So, while you’re often using more than one program to run your business, the two programs should integrate enough for your needs. Sometimes, all you need is a record of your marketing emails in your CRM--other companies might want more sophisticated projecting and analyzing in the CRM itself for their sales teams to look over.
Consider how involved and how separate your sales and marketing teams are. If you have a person running your newsletter and a handful of people on sales, they can probably share data without an issue, whereas entire departments may have very separate workflows and therefore need different kinds of data readily available.
Do I need marketing automation software?
There are really three possible answers here:
- You don’t need marketing automation because your business is very simple, or you aren’t responsible for marketing.
- You need some kind of marketing tool, but something simple like email blasts or basic automation that you can sync up with your CRM.
- You have very sophisticated marketing needs and require a CRM to directly handle the automation and reporting aspects.
For those of you in the first category, congratulations on being honest with yourself and your business’ needs so you don’t overspend or overreach. If Gmail is serving you just fine, or the funds just aren’t there, that’s ok--email marketing software isn’t going away, and you can always look into cheap or free plans in the future when you’re ready to dive in.
For readers who are undecided, or who think they’re in the second category but are curious about the third, the rest of this post is for you. Small businesses can definitely use marketing automation and CRM software; there are plenty of reasons to invest in your marketing efforts, even if you’re just beginning to think about things like lead nurturing and the top part of your sales funnel. The important thing to consider here is scale. Just as there are many affordable CRMs, there is also affordable marketing automation software--to a point.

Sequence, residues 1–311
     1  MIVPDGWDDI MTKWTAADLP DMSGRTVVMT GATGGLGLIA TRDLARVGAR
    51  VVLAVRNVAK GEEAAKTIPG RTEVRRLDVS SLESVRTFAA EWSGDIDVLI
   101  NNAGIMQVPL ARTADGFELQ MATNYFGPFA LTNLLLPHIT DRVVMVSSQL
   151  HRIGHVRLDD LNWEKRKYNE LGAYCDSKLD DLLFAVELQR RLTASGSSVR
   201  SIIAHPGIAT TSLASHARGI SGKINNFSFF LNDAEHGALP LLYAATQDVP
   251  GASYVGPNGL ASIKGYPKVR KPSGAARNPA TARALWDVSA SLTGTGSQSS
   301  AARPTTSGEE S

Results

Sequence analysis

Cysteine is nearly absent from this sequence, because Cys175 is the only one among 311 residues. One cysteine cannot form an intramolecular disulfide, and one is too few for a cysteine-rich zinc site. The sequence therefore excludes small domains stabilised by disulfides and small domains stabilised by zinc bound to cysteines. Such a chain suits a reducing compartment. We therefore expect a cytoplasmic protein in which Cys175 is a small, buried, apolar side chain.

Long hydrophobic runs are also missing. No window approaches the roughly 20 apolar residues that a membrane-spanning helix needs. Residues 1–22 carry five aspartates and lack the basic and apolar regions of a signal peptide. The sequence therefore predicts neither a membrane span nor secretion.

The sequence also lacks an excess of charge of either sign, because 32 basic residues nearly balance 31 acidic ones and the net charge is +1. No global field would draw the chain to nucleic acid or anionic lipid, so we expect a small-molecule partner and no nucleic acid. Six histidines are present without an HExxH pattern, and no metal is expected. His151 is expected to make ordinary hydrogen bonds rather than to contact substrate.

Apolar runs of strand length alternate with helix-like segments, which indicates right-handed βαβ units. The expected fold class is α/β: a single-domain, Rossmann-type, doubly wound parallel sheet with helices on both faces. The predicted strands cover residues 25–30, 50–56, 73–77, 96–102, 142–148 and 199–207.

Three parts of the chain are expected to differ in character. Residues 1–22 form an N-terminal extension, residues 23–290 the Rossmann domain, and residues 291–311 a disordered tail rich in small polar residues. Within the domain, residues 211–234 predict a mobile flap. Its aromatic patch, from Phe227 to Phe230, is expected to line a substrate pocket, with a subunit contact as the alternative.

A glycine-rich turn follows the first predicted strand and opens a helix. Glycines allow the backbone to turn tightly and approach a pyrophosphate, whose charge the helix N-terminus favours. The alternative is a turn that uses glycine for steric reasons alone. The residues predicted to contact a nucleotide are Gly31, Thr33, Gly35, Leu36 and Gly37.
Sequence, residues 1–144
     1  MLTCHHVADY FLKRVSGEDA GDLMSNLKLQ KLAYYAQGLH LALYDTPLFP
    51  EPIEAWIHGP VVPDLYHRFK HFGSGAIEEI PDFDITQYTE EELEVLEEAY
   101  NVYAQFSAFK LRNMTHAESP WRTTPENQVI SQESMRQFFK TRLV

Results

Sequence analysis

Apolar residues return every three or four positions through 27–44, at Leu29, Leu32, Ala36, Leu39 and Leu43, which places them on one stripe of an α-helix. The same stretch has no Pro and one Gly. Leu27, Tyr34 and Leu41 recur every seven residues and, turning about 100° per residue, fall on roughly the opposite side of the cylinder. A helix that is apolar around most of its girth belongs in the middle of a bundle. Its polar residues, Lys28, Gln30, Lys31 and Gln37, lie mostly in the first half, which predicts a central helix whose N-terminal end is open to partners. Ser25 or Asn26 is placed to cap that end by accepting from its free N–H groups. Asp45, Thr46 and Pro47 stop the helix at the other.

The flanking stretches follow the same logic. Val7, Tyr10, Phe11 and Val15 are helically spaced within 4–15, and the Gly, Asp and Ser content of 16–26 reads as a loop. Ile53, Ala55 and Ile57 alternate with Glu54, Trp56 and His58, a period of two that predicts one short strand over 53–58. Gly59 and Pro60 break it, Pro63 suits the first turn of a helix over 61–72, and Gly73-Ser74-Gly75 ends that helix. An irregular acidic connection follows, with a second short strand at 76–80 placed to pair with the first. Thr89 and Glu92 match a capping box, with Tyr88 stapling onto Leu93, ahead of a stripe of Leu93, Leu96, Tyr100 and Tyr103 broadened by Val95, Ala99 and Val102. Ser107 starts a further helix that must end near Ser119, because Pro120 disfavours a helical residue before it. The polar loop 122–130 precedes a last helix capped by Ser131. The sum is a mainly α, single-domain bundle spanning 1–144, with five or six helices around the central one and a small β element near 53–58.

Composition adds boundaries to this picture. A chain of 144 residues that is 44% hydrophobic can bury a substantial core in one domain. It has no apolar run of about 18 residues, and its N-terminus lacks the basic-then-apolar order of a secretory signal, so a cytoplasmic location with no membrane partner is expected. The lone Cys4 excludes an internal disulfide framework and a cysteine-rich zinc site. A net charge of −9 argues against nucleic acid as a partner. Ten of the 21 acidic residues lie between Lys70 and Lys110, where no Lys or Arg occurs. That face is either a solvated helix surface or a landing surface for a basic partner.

MailChimp, for example, offers a free version of their email marketing software with limited features (so, no automation, but you can read up on the features they do offer for free here). Many CRMs (including ours) integrate with MailChimp, so you don’t have to add extra operating costs in order to dabble in marketing software. You can upgrade if you need to, but affordable plans are available.
If you’re looking to email 10,000 people and have triggered automation, however, you’re going to need to get comfortable with shelling out a bit of cash in order to streamline your marketing and sales processes with automation software. As your business grows (possibly due to some marketing), you can weigh the costs and benefits of having automated marketing campaigns--and never forget the importance of balancing automation against real people. If you’re really invested in your leads and customers, you’ll want to give them the information they truly want and need.
Need help finding the perfect CRM for your small business? Check out our free ebook on selecting the right CRM for your company.